However, I feel I learned a few lessons I'll share with you...

1. Treat them as individuals, as fellow believers, and as equals.
There is no Jew or Greek, slave or free, male or female; for you are all one in Christ Jesus. Gal 3:28 (HCSB)
2. Beware of asking them for money every time there is a need in your ministry.
  • First, you become dependant on this person instead of on God.
  • Second, you may give this individual too much power. You will be tempted to listen to them instead of the Holy Spirit.

3. When they give, allow them see the "Kingdom Impact" of their giving.

  • Write a thank you letter or e-mail detailing the use of the resources.
  • Send pictures of individuals impacted by their generosity

4. Don't become enamored with their lifestyle. Recall Jesus' words in the Parable of the Soils...

Others are sown among thorns; these are the ones who hear the word, but the worries of this age, the seduction of wealth, and the desires for other things enter in and choke the word, and it becomes unfruitful. Mark 4:18-19 (HCSB)

Bob Buford is author of Finishing Well. You can visit his website

Monday, March 26, 2007

Rationalization for Taking a Nap at Work

In case you walk by my office and my head is laid back, my mouth wide open, and I appear to be contemplating the ceiling tiles through my eyelids, please read this article from before you wake me...

When You Snooze You...Win!

"A daytime doze is a stress buster and heart protector. Just 30 minutes midday, three times a week, is all you need. Middle-aged working men who did just that cut their risk of a fatal heart attack and other heart problems by a whopping 37 percent."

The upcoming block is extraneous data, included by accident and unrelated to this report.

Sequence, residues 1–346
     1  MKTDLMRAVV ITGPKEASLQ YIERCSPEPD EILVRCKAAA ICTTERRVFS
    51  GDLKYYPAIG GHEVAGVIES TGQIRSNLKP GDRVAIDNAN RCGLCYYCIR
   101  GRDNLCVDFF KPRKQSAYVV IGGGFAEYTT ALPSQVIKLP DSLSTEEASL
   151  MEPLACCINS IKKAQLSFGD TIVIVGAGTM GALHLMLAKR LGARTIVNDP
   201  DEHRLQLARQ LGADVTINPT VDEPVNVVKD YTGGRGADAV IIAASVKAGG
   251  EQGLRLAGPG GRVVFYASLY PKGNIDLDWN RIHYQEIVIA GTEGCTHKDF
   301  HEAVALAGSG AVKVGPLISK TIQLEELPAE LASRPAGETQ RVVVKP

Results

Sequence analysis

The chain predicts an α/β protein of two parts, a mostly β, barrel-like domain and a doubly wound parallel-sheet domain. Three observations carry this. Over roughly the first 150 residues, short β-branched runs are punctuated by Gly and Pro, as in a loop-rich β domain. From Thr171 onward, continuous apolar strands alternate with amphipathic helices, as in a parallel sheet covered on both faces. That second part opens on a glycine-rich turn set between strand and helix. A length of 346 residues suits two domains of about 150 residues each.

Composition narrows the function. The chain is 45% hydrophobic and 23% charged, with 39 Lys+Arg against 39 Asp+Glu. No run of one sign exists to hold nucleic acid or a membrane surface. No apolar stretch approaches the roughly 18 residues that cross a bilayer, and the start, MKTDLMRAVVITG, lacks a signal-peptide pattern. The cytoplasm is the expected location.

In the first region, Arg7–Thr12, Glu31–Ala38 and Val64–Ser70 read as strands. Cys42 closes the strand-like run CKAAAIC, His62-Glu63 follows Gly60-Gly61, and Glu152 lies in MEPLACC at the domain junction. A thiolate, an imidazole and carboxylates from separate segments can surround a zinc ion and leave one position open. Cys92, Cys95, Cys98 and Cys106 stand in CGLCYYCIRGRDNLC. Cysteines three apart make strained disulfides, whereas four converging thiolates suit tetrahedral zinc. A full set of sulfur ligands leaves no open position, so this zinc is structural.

While you are there, be sure to check out their RealAge Test to see how old you really are! Once you take the test and get the results, they will give you ideas of how to lower your Real Age.

It was very helpful and inspiring for me.

David Jeremiah on Being Prepared to Give an Answer

Over at Baptist Press, David Jeremiah, pastor of Shadow Mountain Community Church and founder of Turning Point for God, comments on 1 Peter 3:15, "always be ready to give a defense to anyone who asks you for a reason for the hope that is in you." (HCSB)

He shares a simple outline. Knowing God's Word ...
  • gives assurance of salvation
  • defeats Satan’s attack
  • enables us to witness to others
  • helps us know our heavenly Father

You can read the whole commentary on Baptist Press - Know for an answer

Friday, March 23, 2007

How to Stop Your Church from Growing

I just posted a new article in the "Pastor as Missionary" area.

Let's Worship Magazine editor Matt Tullos sticks tongue in cheek to take a funny look at church growth. He says, "For some people, church growth can be rather tedious. There’s the parking problems, the new people to get to know, the reduction of political power due to the influx of new people that don’t know you, the extra wear on the carpet, the noise of young children, the overuse of bathroom facilities . . . you name it."